One of Chief Justice John Marshall's first decisions was in the case Marbury v. Madison. "Near the end of President Adams first administration Congress authorized the President to appoint justices of the peace for the District of Columbia. This was the occasion of the midnight appointments and the failure of Adam's Secretary of State to deliver commissions of appointment. A new administration took office and Secretary of State Madison, directed by President Jefferson, refused delivery. Thereupon Marbury, one of the midnight appointees, went to the Supreme Court requesting a judicial order, writ of mandamus, to compel Madison to deliver his commission. Article III. Section 2, of the Constitution gives the Supreme Court original jurisdiction only in cases affecting the Ambassadors, other public Ministers and Consuls, and those in which a state shall be a Party. Marbury's case did not fall in that category. Marbury went to the Supreme Court because in his view an act of Congress, Section 13 of the Judiciary Act of 1789, authorized him to do so. The clash between Constitution and Act of Congress became a problem in the court's decision" (Mendelson, 5-6).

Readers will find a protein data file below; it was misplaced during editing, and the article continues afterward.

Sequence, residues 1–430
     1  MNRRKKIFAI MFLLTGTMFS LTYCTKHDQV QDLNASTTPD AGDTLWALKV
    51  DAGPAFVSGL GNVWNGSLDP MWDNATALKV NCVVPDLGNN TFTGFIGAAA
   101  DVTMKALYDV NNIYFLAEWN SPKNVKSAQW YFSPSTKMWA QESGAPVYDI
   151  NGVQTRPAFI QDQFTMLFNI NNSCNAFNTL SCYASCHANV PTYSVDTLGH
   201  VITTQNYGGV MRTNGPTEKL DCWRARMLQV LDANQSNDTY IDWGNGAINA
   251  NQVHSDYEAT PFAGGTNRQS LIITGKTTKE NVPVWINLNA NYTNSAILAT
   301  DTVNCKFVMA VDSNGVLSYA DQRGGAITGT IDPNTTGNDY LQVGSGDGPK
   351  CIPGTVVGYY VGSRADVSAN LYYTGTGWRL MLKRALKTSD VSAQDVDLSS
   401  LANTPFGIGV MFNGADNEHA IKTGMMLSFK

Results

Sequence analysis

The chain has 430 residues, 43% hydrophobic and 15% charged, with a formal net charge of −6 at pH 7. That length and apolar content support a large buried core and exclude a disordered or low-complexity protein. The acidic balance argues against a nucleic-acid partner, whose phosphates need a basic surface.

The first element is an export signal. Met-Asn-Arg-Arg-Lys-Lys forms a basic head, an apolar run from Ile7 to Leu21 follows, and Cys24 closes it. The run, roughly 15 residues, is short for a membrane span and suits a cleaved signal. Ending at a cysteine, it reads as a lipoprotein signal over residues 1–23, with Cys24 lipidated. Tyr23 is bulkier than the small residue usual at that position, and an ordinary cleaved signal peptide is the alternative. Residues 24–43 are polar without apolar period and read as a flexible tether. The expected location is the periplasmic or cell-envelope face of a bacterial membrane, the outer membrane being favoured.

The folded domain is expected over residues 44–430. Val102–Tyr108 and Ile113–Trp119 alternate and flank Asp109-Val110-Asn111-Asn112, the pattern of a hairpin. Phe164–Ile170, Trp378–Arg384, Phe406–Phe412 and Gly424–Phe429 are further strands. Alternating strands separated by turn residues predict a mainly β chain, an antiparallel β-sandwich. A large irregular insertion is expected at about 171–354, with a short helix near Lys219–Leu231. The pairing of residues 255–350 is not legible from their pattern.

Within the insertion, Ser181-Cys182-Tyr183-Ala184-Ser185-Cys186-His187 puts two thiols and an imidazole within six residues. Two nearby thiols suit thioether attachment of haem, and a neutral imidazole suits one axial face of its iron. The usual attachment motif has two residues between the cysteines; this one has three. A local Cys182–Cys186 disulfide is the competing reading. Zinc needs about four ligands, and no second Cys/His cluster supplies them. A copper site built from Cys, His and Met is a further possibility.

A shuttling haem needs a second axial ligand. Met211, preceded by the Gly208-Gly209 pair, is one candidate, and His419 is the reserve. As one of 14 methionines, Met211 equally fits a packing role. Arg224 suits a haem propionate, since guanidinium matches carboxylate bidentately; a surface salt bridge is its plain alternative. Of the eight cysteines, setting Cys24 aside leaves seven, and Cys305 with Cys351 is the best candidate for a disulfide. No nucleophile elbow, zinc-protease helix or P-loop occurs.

"The court refused to rule on the appointment because Section 13 gave the Supreme Court powers not provided by the constitution. The court declared Section 13 unconstitutional. This marked the first time the United States Supreme Court declared a federal law unconstitutional. It established the supremacy of the Constitution over laws passed by congress and the right of the court to review the Constitutionality of legislation" (Kutler, 193). "Marshall stated the powers of the legislature are defined and limited...It is emphatically the province and the duty of the judicial department to say what the law is. The Constitution was thus established as a legal document subject to interpretation only by the courts" (U.S. Law, 883).